Bruce has always been a prolific songwriter, he always wrote more songs than an album could include; it was the vinyl era, it was not possible to put more than eight or ten songs in the grooves. If the CDs were used in those days, his albums would have played for more than an hour... indeed, the four CDs in the Tracks compilation are almost full and offer a huge amount of outtakes discarded from previous albums. And what valuable discards they are! Real gems. Another example of discarded songs is The Promise, another compilation of previously unreleased material dating back to late '70s, when Darkness on the Edge of Town was released. Surely, he had a difficult time selecting the songs to include in his albums... Should I choose this? And what if I should choose that one? No, these are surely better.
Bruce says «No one you have been and no place you have gone ever leaves you.». I think that is true: where you come from, where you lived, what you are depends on the seeds that were sown. There is no doubt about that. And so it is for Bruce; he is from a family not exactly rich, not exactly middle-class, he is not a daddy's boy. And this is manifest in Darkness; one of my favourite songs is Factory. That worker walking through those factory gates is my father, that kid watching him is me. Just a little more than two intense minutes of life, but much more than what we could ever learn at school (that verse from No Surrender, again). With Darkness, Bruce becomes a man (he is 30 by now), he must take his responsibilities, in front of himself and the world. No time for playing anymore, the foolishness of the teenage years is behind him by now, the carefreeness of childhood days is just a faded memory in a black and white picture. Adulthood, with its burdens, is at the door and it is time to face the facts for what they are. The world is not a safe cradle, it is a beautiful place but it is a hard one, where normal people must fight day after day to live and to survive.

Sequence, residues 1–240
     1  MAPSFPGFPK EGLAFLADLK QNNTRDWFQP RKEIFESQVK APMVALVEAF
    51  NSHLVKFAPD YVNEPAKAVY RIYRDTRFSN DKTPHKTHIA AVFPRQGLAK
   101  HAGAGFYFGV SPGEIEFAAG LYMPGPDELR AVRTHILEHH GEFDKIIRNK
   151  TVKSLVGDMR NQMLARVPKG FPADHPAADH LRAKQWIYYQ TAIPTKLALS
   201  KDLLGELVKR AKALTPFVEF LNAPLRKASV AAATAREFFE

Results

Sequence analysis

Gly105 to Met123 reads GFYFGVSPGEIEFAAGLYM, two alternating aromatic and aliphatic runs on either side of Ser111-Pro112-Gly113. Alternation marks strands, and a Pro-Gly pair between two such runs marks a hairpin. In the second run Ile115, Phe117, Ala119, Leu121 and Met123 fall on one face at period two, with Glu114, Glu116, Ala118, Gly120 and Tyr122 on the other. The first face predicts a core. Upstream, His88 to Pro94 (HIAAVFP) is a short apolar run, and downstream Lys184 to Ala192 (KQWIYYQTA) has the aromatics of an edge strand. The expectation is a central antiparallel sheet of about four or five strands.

Factory (Darkness On The Edge Of Town)